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Community Development Officer (RAF Valley, Isle of Anglesey) – Service children activities and youth provision

Community Development Officer (RAF Valley, Isle of Anglesey) – Service children activities and youth provision

RAF Valley on Anglesey is home to No 4 Flying Training School, responsible for training the UK's next generation of world-class fighter pilots. Aircrew are also trained at RAF Valley for mountain and maritime operations throughout the world. RAF Valley is the home to the Mountain Rescue Service, the military's only high readiness, all weather search and rescue, aircraft post-crash management asset. 1,500 Service personnel, civil servants and contractors work at RAF Valley.

RAF Valley is classified as isolated unit status and families will stay between two to four years on a posting. Some families make the decision to settle in the area following retirement from the Armed Forces. RAF Valley is located near to the Snowdonia National Park, an area of outstanding beauty.

As the majority of schools in the Isle of Anglesey are Welsh-medium, the Ministry of Defence has made Day School Allowance available to families posted to RAF Valley. It enables Service children to have access to an education in English. Teaching in English is often only available at independent day schools and therefore this allowance is a contribution towards the fees. Currently this is for all children of statutory school age.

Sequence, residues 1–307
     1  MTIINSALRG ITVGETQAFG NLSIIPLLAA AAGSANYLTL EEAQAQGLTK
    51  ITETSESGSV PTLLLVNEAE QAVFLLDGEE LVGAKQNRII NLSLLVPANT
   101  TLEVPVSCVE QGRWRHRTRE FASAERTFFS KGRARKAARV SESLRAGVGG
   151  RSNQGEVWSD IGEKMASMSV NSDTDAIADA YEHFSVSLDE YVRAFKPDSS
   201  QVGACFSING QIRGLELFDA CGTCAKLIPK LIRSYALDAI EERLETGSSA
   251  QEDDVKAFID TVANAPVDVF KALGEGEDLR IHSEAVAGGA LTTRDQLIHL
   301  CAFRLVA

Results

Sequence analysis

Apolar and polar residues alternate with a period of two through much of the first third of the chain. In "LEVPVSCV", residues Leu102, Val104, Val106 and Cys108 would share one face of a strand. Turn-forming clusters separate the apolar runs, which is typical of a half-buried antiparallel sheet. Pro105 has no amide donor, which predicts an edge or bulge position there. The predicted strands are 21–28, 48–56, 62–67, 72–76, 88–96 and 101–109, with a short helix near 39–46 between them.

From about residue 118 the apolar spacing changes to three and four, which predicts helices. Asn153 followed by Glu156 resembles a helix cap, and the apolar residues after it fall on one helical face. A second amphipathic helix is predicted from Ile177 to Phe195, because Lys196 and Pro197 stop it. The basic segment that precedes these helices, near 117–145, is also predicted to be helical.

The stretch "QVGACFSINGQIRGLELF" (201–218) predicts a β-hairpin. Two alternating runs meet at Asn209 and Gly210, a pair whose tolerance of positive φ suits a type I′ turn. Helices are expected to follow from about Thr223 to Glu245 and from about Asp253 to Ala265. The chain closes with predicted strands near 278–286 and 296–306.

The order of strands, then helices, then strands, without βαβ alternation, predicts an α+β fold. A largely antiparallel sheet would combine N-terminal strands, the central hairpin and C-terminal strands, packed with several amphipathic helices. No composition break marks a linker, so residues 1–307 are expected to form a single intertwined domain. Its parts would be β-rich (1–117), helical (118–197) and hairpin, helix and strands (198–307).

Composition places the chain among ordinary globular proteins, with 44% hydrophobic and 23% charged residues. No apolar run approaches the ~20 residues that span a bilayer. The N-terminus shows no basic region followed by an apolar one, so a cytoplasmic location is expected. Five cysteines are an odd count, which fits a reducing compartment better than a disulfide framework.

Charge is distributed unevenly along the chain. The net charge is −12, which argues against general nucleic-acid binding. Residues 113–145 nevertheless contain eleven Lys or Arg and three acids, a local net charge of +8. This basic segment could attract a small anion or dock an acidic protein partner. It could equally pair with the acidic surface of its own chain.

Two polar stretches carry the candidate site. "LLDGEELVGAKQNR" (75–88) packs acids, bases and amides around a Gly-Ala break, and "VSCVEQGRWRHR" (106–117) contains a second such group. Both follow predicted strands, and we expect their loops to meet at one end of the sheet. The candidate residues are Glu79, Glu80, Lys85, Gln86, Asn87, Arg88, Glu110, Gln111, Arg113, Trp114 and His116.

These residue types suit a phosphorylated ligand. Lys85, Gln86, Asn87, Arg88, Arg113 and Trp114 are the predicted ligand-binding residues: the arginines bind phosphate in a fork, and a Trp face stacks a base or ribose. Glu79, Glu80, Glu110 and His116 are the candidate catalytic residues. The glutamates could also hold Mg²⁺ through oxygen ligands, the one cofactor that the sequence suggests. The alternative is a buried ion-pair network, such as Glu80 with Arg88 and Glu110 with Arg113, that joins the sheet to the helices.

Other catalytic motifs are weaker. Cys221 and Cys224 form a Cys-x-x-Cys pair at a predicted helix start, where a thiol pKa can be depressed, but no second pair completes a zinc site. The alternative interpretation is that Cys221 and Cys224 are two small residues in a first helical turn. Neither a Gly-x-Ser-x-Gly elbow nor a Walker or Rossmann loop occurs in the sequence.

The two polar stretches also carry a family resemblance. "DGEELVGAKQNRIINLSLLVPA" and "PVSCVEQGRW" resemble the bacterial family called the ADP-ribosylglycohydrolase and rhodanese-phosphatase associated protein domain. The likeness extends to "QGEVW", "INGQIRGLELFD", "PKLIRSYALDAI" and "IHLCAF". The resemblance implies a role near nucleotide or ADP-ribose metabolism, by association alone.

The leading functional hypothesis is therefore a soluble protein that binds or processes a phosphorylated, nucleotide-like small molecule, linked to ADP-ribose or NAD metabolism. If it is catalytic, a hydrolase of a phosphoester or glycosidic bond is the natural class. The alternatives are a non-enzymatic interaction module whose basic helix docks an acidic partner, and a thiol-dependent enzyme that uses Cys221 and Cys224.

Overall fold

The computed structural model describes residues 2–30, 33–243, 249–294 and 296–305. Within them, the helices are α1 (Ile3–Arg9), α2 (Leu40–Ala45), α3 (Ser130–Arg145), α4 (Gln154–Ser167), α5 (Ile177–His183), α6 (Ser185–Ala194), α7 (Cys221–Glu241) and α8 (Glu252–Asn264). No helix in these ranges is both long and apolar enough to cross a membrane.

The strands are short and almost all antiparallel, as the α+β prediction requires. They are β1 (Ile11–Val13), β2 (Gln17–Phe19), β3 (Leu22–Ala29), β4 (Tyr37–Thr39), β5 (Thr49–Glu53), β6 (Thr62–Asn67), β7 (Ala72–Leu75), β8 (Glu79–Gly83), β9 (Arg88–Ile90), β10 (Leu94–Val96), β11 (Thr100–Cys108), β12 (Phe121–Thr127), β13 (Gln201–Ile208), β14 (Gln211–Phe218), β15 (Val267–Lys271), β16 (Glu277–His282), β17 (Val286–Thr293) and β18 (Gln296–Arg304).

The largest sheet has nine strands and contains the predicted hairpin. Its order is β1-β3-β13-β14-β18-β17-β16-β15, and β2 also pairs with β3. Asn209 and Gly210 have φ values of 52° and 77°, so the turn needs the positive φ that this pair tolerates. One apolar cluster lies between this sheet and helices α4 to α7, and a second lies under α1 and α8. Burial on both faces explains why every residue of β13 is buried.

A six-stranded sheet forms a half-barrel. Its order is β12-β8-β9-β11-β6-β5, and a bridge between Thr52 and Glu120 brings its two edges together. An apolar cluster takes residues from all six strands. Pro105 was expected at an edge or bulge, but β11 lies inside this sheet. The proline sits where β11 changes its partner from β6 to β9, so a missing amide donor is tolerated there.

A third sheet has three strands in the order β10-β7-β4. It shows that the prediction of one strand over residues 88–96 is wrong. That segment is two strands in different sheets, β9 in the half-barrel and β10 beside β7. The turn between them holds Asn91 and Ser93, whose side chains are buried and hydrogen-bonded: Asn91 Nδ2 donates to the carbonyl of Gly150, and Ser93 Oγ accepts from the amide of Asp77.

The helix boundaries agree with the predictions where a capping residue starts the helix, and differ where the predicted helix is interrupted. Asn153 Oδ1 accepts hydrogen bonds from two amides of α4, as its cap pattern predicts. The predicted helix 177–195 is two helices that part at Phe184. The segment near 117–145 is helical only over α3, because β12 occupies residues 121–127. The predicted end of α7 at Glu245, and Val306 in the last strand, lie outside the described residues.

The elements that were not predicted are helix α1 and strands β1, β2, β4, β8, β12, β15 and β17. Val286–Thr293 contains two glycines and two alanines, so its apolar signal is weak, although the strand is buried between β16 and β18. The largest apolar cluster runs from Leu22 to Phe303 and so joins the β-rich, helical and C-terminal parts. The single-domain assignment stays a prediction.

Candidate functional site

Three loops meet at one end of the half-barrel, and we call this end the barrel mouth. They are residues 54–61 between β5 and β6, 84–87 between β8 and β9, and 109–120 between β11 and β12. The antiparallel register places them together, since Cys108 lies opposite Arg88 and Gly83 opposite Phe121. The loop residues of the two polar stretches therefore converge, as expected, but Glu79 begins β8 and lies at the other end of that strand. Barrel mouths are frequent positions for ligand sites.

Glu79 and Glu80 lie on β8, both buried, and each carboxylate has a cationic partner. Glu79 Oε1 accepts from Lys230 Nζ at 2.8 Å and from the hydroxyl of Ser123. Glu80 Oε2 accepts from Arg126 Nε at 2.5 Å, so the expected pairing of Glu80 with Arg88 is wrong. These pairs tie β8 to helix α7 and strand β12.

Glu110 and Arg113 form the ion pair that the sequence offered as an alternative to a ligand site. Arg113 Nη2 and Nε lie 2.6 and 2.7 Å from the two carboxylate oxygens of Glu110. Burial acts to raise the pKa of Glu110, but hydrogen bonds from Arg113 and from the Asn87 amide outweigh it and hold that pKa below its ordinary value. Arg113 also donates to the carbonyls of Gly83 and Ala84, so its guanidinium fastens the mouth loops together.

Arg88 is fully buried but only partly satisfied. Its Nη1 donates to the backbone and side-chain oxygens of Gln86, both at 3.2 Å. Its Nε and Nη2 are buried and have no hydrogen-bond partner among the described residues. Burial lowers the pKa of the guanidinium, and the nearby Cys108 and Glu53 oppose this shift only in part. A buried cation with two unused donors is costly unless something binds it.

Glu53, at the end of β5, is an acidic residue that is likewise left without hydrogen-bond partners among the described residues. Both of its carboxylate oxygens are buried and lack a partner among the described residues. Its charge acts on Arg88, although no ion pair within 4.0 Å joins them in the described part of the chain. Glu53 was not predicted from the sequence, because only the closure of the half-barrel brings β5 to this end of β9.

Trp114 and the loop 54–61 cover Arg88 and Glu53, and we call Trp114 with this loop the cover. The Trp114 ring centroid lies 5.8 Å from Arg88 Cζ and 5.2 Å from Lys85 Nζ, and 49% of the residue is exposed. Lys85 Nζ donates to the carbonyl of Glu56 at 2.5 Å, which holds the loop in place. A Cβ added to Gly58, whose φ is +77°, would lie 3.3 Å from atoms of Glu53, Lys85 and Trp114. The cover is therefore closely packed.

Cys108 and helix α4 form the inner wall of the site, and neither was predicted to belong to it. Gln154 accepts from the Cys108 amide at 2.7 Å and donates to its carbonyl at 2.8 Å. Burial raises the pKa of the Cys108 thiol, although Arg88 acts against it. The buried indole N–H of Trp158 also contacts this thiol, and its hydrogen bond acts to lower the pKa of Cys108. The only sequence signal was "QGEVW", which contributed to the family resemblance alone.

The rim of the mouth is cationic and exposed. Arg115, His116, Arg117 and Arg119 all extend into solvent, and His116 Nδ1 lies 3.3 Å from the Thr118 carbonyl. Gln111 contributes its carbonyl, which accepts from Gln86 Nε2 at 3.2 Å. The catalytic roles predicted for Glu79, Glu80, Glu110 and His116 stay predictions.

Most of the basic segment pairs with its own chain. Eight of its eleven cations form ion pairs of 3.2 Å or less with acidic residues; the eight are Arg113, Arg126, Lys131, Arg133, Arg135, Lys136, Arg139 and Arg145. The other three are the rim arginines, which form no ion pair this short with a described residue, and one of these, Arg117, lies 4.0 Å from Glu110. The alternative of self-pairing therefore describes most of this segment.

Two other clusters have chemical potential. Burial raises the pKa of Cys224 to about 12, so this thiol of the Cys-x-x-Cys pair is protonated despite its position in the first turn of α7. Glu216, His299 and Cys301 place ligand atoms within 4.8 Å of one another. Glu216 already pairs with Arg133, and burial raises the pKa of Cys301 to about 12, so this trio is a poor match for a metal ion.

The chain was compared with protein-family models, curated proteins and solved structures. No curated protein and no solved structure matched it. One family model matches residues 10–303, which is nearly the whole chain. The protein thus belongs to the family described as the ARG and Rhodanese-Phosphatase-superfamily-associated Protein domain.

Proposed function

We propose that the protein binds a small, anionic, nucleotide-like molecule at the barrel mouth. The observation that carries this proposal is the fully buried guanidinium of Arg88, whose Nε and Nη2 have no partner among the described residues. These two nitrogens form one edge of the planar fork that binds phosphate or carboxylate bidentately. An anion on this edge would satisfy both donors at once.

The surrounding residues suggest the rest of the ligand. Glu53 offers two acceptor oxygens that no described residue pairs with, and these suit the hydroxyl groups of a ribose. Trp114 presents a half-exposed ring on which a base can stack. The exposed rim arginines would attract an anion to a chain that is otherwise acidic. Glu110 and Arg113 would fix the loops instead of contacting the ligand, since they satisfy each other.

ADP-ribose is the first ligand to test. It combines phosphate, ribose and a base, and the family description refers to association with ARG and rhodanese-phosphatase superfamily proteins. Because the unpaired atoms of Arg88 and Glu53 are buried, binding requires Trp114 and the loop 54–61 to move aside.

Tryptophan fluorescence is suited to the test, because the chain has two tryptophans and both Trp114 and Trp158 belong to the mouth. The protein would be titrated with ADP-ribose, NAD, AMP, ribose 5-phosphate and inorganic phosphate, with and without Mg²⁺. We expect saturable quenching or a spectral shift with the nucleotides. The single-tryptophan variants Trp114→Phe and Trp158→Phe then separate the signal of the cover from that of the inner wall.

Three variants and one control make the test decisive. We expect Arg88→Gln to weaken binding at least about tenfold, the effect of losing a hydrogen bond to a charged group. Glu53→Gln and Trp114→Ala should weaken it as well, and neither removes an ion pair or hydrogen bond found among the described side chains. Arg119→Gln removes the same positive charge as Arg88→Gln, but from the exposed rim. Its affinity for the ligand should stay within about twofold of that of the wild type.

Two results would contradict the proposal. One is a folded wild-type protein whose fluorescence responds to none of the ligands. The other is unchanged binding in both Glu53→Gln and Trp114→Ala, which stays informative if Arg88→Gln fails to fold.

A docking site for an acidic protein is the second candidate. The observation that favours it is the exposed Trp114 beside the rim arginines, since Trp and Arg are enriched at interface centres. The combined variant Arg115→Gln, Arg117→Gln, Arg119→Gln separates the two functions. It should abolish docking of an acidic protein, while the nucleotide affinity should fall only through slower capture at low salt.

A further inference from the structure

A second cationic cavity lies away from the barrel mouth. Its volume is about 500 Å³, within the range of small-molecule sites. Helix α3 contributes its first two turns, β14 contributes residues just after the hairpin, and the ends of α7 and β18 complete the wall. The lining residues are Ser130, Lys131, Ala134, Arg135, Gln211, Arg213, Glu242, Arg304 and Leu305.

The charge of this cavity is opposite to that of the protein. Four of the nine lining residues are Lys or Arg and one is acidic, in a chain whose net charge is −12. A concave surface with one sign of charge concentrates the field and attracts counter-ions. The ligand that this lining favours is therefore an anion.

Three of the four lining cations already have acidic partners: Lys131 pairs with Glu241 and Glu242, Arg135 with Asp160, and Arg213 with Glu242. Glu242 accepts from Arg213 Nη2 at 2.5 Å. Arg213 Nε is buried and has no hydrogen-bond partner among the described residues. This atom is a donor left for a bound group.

Number of Service children living on the RAF Valley station aged between 0-17: 188

Case study completed by: Dean Clarke, Community Development Officer and Armed Forces Champion


What does living at RAF Valley mean to Service children?

  • The day school allowance and attendance at private schools locally means that more time is spent on buses, transporting children to and from the station
  • Attendance at private school means children don’t access wrap around care at the school due to the transport leaving after school to get them back to the station
  • There may be gaps in their education or sometimes they have to repeat educational activities and learning.

Who benefits from the youth support and activities provided at RAF Valley?

  • 68% of the children at the station are under the age of five
  • There are fewer youth age children (13-16 year old’s) so we have had to amalgamate the juniors and seniors to make youth activities viable for the station
  • 25% of Service children engage in youth activities at RAF Valley